Introduction: meet the Notable Comics of 2010

Matt and I are the series editors for the Best American Comics (Houghton Mifflin Harcourt). That means that, every year, we try to get our hands on every comic published by a North American cartoonist, or anyone who makes his or her home here, and then read them all to sort out the best 100 or so comics of the year.  (Of course, we can’t possibly see everything, but we try.) These best 100-120, we then hand on to the year’s guest editor, who picks his or her favorite 25-30, which go into that year’s volume. Then, Matt and I get to make our list of everything else we think comics readers should have read that year. It’s called the Notable Comics list, and it comprises virtually all the comics we sent to the guest editor that weren’t picked, as well as a number of others that we think are noteworthy for various reasons, but that we didn’t send to the guest editor.

Over the now-three volumes we’ve been involved with (we’ve just wrapped selections for the fourth, but they’re still top-secret), we’ve tried to shine a spotlight on this list. As most guest editors point our in their introductions, the selection process, when it gets down to which stories make the cutoff for the volume and which don’t, can be alarmingly arbitrary. Often, we and the guest editors would love to include 50 stories, but there just isn’t room. But when you combine the notable list with the stories in the volume, it might be a little more possible to talk about representing what’s we actually think is best in a given year. Also, when looking for good comics to read, why limit yourself? We’ve always hoped readers will delve a bit into the list to find more great stories once they finish reading BAC.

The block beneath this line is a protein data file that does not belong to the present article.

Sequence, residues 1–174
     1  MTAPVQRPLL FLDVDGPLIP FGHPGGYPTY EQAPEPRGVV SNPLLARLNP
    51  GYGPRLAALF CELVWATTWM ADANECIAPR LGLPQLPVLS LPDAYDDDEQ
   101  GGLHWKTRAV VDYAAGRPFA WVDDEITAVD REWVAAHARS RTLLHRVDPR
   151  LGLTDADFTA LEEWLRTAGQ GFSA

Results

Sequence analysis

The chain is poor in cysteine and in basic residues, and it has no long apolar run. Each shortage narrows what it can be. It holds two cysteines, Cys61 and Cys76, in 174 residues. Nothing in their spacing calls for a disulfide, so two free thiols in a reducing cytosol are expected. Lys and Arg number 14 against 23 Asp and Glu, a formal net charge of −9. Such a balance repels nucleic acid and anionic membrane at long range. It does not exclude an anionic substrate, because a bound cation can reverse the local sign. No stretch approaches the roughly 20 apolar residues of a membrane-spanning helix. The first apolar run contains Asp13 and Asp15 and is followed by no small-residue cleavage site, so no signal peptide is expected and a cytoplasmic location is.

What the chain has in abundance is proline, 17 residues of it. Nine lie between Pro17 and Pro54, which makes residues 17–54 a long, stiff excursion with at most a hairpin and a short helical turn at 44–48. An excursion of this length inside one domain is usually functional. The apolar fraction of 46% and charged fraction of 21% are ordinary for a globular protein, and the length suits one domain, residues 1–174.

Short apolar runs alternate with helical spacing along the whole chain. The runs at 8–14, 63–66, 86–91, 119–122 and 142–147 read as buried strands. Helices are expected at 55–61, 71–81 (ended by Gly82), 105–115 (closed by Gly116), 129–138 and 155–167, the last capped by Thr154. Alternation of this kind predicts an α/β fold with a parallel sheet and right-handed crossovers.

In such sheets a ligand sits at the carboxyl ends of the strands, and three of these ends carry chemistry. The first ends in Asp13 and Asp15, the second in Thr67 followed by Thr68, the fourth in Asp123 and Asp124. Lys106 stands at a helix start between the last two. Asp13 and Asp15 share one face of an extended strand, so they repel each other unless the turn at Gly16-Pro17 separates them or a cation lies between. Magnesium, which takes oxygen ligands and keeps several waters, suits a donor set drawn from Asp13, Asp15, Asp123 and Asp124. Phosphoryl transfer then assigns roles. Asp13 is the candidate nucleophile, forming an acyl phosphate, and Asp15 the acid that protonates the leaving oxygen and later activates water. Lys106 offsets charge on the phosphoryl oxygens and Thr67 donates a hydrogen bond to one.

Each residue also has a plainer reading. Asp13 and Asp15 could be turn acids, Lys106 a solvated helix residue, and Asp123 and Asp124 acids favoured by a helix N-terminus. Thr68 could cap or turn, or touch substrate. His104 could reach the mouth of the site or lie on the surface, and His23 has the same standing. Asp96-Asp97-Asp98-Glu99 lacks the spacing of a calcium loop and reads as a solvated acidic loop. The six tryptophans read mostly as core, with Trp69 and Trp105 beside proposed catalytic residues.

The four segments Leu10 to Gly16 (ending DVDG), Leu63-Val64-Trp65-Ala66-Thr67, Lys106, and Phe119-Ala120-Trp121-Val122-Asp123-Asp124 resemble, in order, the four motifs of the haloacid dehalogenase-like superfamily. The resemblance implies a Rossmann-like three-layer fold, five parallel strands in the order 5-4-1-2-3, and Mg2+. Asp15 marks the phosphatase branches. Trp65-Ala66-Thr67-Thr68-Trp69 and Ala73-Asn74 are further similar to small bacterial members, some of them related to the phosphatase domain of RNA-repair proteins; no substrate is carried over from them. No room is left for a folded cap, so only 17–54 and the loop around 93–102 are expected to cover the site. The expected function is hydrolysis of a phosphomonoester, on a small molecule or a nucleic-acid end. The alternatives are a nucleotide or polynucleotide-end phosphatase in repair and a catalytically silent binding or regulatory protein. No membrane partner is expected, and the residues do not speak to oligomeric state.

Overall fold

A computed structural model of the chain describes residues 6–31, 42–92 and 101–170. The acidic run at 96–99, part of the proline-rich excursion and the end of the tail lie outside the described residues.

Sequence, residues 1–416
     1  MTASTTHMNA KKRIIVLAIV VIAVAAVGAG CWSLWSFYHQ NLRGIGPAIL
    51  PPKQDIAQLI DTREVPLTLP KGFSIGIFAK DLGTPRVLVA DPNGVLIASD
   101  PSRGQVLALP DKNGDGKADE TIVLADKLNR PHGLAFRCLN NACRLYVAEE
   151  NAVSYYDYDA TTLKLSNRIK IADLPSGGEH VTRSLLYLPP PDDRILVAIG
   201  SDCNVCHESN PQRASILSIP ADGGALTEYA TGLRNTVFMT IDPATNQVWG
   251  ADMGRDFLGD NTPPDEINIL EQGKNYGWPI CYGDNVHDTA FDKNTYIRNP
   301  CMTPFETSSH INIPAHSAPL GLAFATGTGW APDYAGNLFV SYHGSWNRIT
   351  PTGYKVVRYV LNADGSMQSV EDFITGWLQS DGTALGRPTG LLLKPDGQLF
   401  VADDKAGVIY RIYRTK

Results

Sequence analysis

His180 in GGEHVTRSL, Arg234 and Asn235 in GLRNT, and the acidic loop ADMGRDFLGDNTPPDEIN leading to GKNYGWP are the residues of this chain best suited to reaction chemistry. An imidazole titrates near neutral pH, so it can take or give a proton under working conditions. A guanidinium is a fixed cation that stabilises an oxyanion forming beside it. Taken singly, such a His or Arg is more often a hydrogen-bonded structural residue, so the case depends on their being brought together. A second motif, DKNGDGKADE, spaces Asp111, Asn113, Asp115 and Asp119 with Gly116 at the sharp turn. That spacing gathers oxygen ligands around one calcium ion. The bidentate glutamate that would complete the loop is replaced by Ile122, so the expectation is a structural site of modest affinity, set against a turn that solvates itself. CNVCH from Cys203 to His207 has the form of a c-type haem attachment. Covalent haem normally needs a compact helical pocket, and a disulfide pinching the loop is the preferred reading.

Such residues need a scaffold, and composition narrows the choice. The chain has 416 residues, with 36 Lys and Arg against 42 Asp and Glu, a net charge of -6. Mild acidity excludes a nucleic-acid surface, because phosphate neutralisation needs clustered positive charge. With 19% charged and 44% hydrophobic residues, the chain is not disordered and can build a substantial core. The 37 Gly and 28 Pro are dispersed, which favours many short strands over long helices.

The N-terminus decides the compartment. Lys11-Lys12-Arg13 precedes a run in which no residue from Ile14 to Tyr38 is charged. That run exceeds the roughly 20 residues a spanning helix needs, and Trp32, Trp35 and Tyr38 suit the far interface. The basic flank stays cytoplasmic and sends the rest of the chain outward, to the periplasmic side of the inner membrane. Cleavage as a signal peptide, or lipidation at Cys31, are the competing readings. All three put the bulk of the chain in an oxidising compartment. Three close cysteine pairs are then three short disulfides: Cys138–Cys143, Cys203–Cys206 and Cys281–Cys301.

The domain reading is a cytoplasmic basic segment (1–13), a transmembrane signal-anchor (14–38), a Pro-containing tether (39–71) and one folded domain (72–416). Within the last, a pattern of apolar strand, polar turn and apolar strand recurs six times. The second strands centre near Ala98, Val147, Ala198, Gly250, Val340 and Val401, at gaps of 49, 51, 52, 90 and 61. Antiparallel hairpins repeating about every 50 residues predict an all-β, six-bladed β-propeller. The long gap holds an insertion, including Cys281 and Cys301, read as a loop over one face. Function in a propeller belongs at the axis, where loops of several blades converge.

Realistically, though, we know that’s tough. What can you know about a story from a title and author? So herewith, a series of posts focusing on the Notables from the 2010 Best American Comics (in alphabetical order). We have added links and images where possible. We’ll be posting one mini-review per day, until we’ve posted all 71.

In order to try to make this list a bit more friendly for teachers and librarians, I’ve noted what I think may be the age-appropriateness of the story in question, along with any notes about subject matter that occur to me. Please keep in mind, when I say “teen” for appropriateness, I mean I think teens will like it. If you live in a conservative area, keep in mind that a lot of this material may be considered risqué in your particular context. I’ll try to make a note of that when I can. I also don’t mean to limit any of these stories by age: I liked them enough to put them on this list, and I’ve got to be an adult by any reckoning, so please don’t think that the fact that I say “grades 3-5” on something means that teens and adults won’t like it. Quite the contrary.

If you are the author and would like to share your thoughts about your comics we’d be thrilled to have you write something in the comments (including where to buy your books).

–Jessica (and Matt)


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